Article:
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Methodologies for Intelligent Systems

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The following are last minute news you should be aware of ;-)

07/08/2010: Summer grades are out details are here!
23/07/2010: the exam of 26/07/2010 will be in room 1.4 starting at 9:00 am
29/06/2010: homework EXTENSION, new deadline 10/07/2010
16/06/2010: the homework is out! Turn it in by 05/07/2010 !!!
09/03/2010: the course starts today!

Contents

Course Aim & Organization

The objective of this course is to give an advanced presentation of the techniques most used in artificial intelligence and machine learning for pattern recognition, knowledge discovery, and data analysis/modeling.

Teachers

The course is composed by a blending of lectures and exercises by the course teacher and some teaching assistants.

Course Program and Schedule

These techniques are presented from a theoretical (i.e., statistics and information theory) and practical perspective through the descriptions of algorithms, their implementation, and applications.The course is composed by a set of selfcontained lectures on specific techniques such as decision trees, decision rules, Bayesian networks, clustering, etc. Supervised and unsupervised learning are discussed in the framework of classification and clustering problems. The course outline is:

  • Machine Learning and Pattern Classification: in this part of the course the general concepts of Machine Learning and Patter Recognition are introduced with a brief review of statistics and information theory;
  • Unsupervised Learning Techniques: the most common approaches to unsupervised learning are described mostly focusing on clustering techniques, rule induction, Bayesian networks and density estimators using mixure models;
  • Supervised Learning Techniques: in this part of the course the most common techniques for Supervised Learning are described: decision trees, decision rules, Bayesian classifiers, hidden markov models, lazy learners, etc.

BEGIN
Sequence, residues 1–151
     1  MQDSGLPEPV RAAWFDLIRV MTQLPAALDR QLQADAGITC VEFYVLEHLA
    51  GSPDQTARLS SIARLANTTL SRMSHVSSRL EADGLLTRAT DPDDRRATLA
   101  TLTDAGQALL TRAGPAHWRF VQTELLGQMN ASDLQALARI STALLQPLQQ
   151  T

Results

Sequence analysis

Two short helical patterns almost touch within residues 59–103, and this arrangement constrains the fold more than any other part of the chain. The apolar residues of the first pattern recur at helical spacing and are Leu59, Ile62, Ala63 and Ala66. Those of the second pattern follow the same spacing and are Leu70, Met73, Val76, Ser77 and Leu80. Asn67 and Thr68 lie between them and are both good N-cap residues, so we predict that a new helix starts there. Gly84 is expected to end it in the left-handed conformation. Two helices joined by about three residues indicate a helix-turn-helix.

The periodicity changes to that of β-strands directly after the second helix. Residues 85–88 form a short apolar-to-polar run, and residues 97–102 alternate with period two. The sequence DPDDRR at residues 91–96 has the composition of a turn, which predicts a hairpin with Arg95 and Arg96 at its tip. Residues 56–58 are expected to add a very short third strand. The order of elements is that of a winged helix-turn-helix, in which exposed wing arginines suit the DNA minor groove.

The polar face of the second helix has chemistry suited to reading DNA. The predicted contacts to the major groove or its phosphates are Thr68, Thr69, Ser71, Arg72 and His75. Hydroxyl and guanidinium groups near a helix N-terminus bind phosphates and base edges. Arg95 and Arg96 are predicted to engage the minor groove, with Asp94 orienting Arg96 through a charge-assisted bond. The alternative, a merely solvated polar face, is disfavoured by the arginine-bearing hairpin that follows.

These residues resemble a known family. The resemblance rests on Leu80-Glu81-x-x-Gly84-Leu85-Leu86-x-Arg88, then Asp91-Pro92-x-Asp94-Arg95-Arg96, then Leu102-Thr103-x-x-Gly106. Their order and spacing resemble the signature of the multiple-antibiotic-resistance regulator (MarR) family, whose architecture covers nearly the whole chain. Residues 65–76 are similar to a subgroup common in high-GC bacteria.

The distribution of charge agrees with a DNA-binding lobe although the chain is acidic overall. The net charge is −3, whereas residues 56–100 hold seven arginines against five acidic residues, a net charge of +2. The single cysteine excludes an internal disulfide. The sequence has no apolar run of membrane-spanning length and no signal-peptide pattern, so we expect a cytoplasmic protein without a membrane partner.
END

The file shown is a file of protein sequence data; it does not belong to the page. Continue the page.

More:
• Feature Selection and Reduction: techniques for data rediction and feature selection will be presented with theory and applications
  • Model Validation and Selection: model validation and selection are orthogonal issues to previous technique; during the course the fundamentals are described and discussed (e.g., AIC, BIC, cross-validation, etc. ).

A detailed schedule of the course can be found here; topics are just indicative while days and teachers are corret "up to some last minute change".

Course Evaluation

The course evaluation is composed by two parts:

  • A homework with exercises covering the whole program that counts for 30% of the course grade
  • A oral examination covering the whole progran that count for 70% of the course grade

The homework is just one per year, it will be published at the end of the course and you will have 15 days to turn it in. It is not mandatory, however if you do not turn it in you loose 30% of the course grade. There is the option of substitute the homework with a practical project, but this has to be discussed and agreed with the course professor.

Teaching Material

In the following you can find the lecture slides used by the teacher and the teaching assistants during classes. Some additional material that could be used to prepare the oral examination is provided as well together with the homework.

Machine Learning and Pattern Recognition

Clustering

Dimensionality Reduction and Feature Selection

Homeworks

The homework, although not mandatory, counts for the 30% of the course grade (i.e., if you do not turn it in you loose 30% of the final grade). You have 15 days to turn it in to the teacher. This year the homework is due by the 5th of July! Please turn in a digital (or digitalized) copy of your homework.

Past years course homework; you can use them to make some practice and prepare this year homework ;-)

Additional Lecture Notes and Bibliography